The Ñgäbe (no´-bay) and the Buglé (boo-glay’)
Located in the western provinces of Panama, these two separate ethno-linguistic groups have struggled for their survival since the Spanish arrival in the 1500s. Just as Panama’s five other indigenous tribes in eastern Panama were forced from fertile lands, the Ñgäbe and Buglé were forced to retreat, and for these two groups it was to the isolated central highlands. Once more numerous than the Ñgäbe, the Buglé fought the Spaniards fiercely and the population was decimated. Now reduced to about 10,000, the Buglé eke out an existence in the most remote areas of Veraguas and are among the most impoverished of all Panama’s population. About 180,000 Ñgäbe now make up Panama’s largest indigenous tribe, living in the western provinces of Chiriquí, Veraguas, and Bocas del Toro.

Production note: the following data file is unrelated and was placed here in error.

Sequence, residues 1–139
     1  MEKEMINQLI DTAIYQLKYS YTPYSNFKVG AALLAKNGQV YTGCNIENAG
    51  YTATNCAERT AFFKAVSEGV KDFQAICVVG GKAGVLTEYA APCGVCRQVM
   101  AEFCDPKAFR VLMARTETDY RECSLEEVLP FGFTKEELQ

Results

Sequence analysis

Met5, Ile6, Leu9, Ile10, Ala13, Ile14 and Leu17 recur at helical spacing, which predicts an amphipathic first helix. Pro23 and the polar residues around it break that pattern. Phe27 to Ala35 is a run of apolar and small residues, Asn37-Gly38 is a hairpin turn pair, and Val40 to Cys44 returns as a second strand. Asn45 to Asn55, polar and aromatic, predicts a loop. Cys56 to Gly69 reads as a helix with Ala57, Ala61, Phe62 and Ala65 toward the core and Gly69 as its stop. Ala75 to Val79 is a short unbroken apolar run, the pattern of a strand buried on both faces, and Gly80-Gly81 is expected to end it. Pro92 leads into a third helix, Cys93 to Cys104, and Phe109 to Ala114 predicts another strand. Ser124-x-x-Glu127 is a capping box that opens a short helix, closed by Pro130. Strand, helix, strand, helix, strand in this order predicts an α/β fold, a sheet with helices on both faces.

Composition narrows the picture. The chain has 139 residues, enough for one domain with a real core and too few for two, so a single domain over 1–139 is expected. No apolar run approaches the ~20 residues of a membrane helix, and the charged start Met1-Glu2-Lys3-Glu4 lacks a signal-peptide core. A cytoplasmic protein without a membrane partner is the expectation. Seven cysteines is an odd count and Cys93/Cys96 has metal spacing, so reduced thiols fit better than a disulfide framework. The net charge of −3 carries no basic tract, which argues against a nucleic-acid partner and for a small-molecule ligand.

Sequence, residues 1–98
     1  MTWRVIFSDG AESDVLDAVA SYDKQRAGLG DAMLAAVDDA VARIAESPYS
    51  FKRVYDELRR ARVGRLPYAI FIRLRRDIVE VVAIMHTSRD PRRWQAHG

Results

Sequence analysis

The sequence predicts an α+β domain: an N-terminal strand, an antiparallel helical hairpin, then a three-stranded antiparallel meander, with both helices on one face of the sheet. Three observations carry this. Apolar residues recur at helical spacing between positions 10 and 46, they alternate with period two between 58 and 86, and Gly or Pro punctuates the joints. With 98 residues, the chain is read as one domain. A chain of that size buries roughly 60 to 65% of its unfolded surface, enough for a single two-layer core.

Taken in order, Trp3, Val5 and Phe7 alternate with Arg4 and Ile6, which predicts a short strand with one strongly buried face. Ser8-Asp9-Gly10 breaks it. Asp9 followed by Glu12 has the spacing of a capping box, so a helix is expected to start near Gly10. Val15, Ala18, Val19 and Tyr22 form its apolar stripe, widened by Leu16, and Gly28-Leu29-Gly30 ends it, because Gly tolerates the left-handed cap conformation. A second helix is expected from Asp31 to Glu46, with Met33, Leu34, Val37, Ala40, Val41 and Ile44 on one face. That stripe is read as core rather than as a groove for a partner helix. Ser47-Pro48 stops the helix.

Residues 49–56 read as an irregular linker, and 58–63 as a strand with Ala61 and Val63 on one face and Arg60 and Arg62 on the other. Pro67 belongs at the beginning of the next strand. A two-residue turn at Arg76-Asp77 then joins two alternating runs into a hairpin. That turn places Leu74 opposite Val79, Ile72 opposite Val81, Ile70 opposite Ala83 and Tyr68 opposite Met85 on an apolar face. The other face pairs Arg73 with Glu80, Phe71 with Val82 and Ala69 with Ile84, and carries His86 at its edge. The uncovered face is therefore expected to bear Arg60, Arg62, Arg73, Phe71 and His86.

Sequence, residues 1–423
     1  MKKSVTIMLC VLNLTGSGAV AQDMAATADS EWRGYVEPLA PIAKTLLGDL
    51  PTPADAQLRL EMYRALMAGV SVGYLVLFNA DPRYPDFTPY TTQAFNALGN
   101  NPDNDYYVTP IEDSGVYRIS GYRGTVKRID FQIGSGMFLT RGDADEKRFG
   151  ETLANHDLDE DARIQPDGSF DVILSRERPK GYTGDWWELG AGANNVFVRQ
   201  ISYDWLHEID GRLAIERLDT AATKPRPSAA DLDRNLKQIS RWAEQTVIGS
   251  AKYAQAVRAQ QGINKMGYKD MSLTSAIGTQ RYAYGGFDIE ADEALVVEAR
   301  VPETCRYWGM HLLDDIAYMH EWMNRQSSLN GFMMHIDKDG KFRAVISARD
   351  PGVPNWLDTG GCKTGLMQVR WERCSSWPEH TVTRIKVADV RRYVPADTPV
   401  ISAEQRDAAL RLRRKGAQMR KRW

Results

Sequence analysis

In March of 1997, following a 100 year struggle by the two groups to have the Panamanian government recognize their territory, the Comarca Ñgäbe-Buglé was established and a regional constitution granted. With lands that have been abused by damaging agricultural practices for many years, along with harsh climate and soil conditions (especially in Veraguas), families rarely have a sustainable life style. Many of the fine arts produced by previous generations in gold work and sophisticated ceramics have died out. Those that remain are closely related to their daily life: knitted bags, chácaras, and hats made from native fibers, along with necklaces woven with seeds and natural threads.